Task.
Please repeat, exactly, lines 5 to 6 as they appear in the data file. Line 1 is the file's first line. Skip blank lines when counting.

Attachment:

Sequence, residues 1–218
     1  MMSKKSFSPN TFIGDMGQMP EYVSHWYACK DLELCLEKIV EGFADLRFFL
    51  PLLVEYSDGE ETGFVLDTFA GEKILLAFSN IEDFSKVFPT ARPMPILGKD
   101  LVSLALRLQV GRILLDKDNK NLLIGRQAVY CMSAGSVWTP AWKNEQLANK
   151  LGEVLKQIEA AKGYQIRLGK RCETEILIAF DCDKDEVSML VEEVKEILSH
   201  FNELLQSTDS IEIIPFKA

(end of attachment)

   151  LGEVLKQIEA AKGYQIRLGK RCETEILIAF DCDKDEVSML VEEVKEILSH
   201  FNELLQSTDS IEIIPFKA